The Hindu Explains | Why are questions being raised about the actions of Rajasthan Governor Kalraj Mishra?  08/01/2020 19:37:19 

The story so far: In Rajasthan, Governor Kalraj Mishra repeatedly turned down the advice of the Council of Ministers to convene a session of the Rajasthan Assembly. He insisted that a 21-day notice is essential for a session, demanded to know the purpose of calling it, and put other conditions such as maintenance of social distancing norms and recording of proceedings. He agreed to summon the House on August 14, only after the Council of Ministers agreed to the 21-day notice. The Governors action has raised the question whether he has the power to turn down the recommendation of the Council of Ministers.

Comment |Staying away from political thickets

What are the powers of a Governor?

The controversy in Rajasthan now is around the Governors refusal to summon a session as desired by the Council of Ministers; in Arunachal Pradesh in 2015, the Governor changed the schedule of a session and set its agenda without a recommendation from the Chief Minister. In 2016, a five-judge constitution Bench of the Supreme Court dealt with questions arising out of the situation, which was comparable to Rajasthan today  rebellion in the ruling Congress and the Governor appearing eager to help the rebels. In the resulting Nabam Rebia, Bamang Felix v. Deputy Speaker and others case, the Supreme Court of India examined the powers of the Governor, particularly with reference to summoning an Assembly session. The top court reiterated that the functions, duties and powers of the Governor by or under the Constitution are cabined, cribbed, confined. The Bench explored the Governors powers vis--vis the executive and the legislature.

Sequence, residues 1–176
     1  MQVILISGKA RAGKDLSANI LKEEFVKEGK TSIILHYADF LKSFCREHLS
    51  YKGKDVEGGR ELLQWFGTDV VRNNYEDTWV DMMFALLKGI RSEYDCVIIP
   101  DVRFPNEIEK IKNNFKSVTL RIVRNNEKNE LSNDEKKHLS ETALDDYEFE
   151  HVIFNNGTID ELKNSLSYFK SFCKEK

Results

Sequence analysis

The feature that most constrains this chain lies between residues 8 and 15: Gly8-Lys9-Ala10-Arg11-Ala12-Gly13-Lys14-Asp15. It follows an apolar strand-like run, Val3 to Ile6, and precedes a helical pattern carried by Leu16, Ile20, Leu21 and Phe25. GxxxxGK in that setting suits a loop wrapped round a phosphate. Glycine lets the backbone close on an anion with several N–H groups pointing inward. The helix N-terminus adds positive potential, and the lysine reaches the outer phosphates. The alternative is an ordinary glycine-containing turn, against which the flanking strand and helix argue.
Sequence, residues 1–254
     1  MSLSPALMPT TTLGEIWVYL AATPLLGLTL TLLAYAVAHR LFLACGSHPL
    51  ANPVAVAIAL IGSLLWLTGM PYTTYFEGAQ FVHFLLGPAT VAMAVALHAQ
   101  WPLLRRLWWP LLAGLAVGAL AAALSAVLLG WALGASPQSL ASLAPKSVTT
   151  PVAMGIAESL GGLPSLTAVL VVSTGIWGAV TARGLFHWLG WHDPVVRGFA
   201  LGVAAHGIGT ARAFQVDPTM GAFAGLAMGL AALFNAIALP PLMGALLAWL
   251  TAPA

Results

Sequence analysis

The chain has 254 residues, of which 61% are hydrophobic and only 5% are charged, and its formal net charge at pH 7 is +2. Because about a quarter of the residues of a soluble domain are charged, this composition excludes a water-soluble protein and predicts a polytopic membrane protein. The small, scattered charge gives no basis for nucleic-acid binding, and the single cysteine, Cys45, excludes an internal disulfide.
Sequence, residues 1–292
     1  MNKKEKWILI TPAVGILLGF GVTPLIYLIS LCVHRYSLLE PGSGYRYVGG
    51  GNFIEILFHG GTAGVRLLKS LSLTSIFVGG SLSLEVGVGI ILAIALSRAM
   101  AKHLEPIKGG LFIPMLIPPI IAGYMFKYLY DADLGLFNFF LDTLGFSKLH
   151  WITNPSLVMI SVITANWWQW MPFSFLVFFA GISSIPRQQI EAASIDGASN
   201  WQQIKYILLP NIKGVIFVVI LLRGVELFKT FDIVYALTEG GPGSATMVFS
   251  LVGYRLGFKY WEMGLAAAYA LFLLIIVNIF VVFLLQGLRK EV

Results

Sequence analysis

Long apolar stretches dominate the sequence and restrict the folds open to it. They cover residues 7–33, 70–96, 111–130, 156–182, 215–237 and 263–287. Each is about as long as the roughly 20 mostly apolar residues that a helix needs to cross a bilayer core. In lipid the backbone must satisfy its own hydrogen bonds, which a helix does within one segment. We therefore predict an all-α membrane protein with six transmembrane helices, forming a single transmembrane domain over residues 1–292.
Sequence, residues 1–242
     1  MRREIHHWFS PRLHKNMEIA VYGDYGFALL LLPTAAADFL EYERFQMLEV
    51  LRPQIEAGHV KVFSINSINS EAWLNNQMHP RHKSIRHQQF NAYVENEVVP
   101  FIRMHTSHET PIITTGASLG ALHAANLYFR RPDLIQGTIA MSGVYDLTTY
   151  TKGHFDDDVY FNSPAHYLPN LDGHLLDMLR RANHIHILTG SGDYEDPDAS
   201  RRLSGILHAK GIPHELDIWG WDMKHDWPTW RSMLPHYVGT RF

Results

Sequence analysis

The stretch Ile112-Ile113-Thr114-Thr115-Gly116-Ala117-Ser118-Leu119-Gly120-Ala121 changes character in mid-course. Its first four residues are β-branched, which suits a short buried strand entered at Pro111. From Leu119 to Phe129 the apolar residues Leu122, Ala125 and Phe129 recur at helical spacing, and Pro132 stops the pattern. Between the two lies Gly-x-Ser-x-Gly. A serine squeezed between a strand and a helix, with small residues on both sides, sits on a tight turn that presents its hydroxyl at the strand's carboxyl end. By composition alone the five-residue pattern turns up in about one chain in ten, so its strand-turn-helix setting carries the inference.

Analysis | Governor cannot employ his discretion, should strictly abide by aid and advice of Cabinet

Who summons an Assembly session?